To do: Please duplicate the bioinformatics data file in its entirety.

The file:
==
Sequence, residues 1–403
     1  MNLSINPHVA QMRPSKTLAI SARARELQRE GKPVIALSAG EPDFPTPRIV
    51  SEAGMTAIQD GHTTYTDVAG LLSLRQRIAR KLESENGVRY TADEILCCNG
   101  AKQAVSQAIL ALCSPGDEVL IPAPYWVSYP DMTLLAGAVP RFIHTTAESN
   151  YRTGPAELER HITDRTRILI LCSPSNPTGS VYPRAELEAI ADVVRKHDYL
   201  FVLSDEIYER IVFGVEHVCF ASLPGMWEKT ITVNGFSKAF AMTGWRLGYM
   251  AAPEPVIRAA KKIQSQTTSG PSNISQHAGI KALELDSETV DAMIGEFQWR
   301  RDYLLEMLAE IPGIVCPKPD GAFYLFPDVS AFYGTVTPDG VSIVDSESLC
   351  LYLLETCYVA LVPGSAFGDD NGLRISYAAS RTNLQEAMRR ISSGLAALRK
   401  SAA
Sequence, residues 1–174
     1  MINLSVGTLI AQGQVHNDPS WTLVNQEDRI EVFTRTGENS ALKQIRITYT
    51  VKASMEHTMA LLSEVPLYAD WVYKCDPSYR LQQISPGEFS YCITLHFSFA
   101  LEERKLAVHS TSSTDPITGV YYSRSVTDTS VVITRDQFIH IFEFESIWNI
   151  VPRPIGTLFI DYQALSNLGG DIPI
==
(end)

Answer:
Sequence, residues 1–403
     1  MNLSINPHVA QMRPSKTLAI SARARELQRE GKPVIALSAG EPDFPTPRIV
    51  SEAGMTAIQD GHTTYTDVAG LLSLRQRIAR KLESENGVRY TADEILCCNG
   101  AKQAVSQAIL ALCSPGDEVL IPAPYWVSYP DMTLLAGAVP RFIHTTAESN
   151  YRTGPAELER HITDRTRILI LCSPSNPTGS VYPRAELEAI ADVVRKHDYL
   201  FVLSDEIYER IVFGVEHVCF ASLPGMWEKT ITVNGFSKAF AMTGWRLGYM
   251  AAPEPVIRAA KKIQSQTTSG PSNISQHAGI KALELDSETV DAMIGEFQWR
   301  RDYLLEMLAE IPGIVCPKPD GAFYLFPDVS AFYGTVTPDG VSIVDSESLC
   351  LYLLETCYVA LVPGSAFGDD NGLRISYAAS RTNLQEAMRR ISSGLAALRK
   401  SAA
Sequence, residues 1–174
     1  MINLSVGTLI AQGQVHNDPS WTLVNQEDRI EVFTRTGENS ALKQIRITYT
    51  VKASMEHTMA LLSEVPLYAD WVYKCDPSYR LQQISPGEFS YCITLHFSFA
   101  LEERKLAVHS TSSTDPITGV YYSRSVTDTS VVITRDQFIH IFEFESIWNI
   151  VPRPIGTLFI DYQALSNLGG DIPI